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Home > News > A Tour of the Energy Future

January 26th, 2007

A Tour of the Energy Future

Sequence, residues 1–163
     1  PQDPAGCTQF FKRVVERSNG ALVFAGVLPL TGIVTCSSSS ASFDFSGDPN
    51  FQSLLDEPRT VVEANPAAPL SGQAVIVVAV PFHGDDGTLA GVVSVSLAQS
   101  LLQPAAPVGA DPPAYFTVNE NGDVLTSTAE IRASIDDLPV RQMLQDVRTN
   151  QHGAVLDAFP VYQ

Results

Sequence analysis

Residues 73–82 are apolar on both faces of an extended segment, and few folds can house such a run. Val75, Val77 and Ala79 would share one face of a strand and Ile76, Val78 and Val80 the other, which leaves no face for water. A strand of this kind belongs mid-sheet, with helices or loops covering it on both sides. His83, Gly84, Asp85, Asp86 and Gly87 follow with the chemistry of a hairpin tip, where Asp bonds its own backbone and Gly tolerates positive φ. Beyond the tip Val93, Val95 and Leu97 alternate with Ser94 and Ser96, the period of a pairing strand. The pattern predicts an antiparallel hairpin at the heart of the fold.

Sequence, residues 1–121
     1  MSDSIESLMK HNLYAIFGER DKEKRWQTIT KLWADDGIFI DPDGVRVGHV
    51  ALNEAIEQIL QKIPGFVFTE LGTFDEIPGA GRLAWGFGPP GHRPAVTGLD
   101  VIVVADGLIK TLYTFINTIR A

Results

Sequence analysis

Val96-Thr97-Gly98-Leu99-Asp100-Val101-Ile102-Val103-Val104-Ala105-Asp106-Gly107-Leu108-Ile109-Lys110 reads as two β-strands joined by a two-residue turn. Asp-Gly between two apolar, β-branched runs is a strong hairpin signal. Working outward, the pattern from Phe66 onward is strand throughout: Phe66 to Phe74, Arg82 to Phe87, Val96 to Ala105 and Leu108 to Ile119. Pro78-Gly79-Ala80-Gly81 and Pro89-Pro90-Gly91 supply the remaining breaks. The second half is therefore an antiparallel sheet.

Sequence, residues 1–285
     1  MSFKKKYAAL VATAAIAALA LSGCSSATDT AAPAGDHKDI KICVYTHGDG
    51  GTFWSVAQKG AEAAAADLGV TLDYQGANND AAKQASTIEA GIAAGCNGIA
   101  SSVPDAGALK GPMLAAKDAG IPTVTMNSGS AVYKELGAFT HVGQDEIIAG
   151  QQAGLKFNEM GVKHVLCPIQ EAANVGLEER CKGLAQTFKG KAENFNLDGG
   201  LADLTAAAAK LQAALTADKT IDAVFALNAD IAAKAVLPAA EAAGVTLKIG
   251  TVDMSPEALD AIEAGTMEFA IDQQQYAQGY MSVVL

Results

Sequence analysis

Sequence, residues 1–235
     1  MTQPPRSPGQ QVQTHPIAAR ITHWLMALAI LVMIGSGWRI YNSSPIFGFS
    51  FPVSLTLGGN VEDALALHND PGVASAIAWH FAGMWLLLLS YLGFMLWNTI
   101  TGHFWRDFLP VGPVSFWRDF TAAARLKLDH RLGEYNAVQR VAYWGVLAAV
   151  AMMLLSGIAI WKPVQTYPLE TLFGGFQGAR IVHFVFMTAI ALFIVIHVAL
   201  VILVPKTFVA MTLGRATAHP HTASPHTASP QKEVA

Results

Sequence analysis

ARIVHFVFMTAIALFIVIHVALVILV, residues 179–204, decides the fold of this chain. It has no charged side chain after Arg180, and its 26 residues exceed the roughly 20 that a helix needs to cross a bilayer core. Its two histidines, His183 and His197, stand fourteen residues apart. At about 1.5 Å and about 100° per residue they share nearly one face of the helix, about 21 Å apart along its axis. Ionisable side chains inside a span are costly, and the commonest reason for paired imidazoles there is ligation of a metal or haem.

Most amazing of all was Professor Angela Belcher, a young genius who is teaching bugs how to become batteries — in other words, she's genetically modifying viruses so that they learn to store energy. She began working with what she calls" biologically inspired manufacturing techniques" in the mid-1990s, when she was a graduate student at UC Santa Barbara. She discovered that abalone builds its extraordinarily strong and beautiful shell by using proteins to form nanoscale tiles of calcium carbonate. She figured that using a similar process, other organisms could be taught to create other kinds of nanostructures — perfect microscopic building blocks that she calls" evolved hybrid materials." At the University of Texas and then at MIT, she got down to work: She exposed viruses to semiconductor materials and watched to see if any adhered. When one did, she inserted it into bacteria so it could replicate, then exposed the subsequent generations to the same semiconductor material, strengthening the binding trait. It's a forced and accelerated evolutionary process, and she showed us high-res slides of the result: perfect nanowires that can carry current, biologically directed organisms that can store electrical energy and should someday make superior laptop batteries, solar cells, and fuel cells for transportation. Amazing, amazing stuff.


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